In the somewhat unstable current indie rock scene, ‘Franz Ferdinand’ are something of an urban legend. The quintet’s preppy art-rock style gained them a huge fan base during the golden years of riff-driven guitar music, with their huge singles such as ‘The Dark of The Matinee’ and the club-filling ‘Take me Out’ positioning the band as one of the pioneers of the movement. In their ability to blend post-punk guitars with witty indie lyrics, they also won the hearts of critics, with their self-titled 2004 album winning the coveted Mercury Award prize, as well as NME’s album of the year.
From such a widely successfully foundation, it is fair to say the band’s recent releases never quite built their sounds much higher, even if their 2015 collaboration with the underground 80s pop band, ‘Sparks’, did prove that they had an abrasive talent for disco and synth style tunes. And, perhaps, it is in these American pop rockers that lead man Alex Kapranos draws from most clearly in this new album, Always Ascending, a signed-and-sealed love note to 80s disco and synth rock alike.
The band gain a solid freedom like never before, establishing their ability to mix the stylish with the gritty, the nostalgic with the contemporary
These sonic maturations may be a result of the band’s altered line up with the founding guitarist, Nick McCarthy, leaving the band in July 2016. Of his two replacements, drummer Paul Thomson and bassist Julian Corrie, the band gain some innovation; Corrie has been renowned for his recent electronic productions under the name of ‘Miaoux Miaoux’. In this new influence, band a newfound relationship develops between keyboard and guitar. This blossoming romance is clear in the title track, a epic five-minute opener that bursts into life in its mosaic midpoint, bringing together the band’s latest experimentations. In later track, ‘Lazy Boy’, the band tunes into the lyrical wit it has been so often renowned for. The divine ode to post-punk, with all the sounds of a bygone 80s chart topper, shows that Kapranos remains sharp-tongued in his vocal and lyrical execution. These talents are confirmed in ‘Huck and Jim’, where he channels a satirical desire to move the NHS and DSS to America. In ‘Lois Lane’, the synth-driven exposition, and use of keyboards in the chorus, establishes a tune that is as empowering as the female character of which the band sing.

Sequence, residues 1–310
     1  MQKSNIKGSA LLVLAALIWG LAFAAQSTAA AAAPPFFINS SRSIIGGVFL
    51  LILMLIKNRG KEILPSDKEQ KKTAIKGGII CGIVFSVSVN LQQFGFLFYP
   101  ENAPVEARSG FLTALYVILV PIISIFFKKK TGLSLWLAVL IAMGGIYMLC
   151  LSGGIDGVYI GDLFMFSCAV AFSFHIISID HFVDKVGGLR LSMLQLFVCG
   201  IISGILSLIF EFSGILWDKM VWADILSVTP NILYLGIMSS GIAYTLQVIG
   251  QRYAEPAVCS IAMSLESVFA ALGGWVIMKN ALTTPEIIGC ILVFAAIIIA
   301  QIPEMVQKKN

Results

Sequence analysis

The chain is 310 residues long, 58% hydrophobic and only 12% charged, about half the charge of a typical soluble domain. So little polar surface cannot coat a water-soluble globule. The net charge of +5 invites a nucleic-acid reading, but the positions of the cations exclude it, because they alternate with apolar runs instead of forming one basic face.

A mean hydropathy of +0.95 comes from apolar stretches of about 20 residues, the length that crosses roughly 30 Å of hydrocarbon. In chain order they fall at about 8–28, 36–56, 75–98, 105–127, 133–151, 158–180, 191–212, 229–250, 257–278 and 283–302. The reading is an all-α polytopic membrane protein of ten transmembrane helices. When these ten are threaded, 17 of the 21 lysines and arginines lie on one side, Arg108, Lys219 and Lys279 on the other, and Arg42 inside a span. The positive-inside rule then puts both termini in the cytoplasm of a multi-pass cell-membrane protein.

These electropop formations assume a mediocrity in the band’s attempt to conclude their album, the disco sounds of ‘Glimpse of Love’ resonating as a sound too often pushed to the forefront in this forty-minute comeback album. Where the lyrical prowess of social spectates like ‘The Academy Award’, a criticism of self-indulgence in today’s social media, demonstrate the band’s political orientations, it loses our attention by the midpoint, and so again relies on the domineering synths to carry listeners to its conclusion.
Nonetheless, the band gain a sonic freedom like never before, establishing their ability to mix the stylish with the gritty, the nostalgic with the contemporary. While these balances grow tiresome by the albums latter stages, fans won’t grow weary of the Glaswegian rockers’ efforts.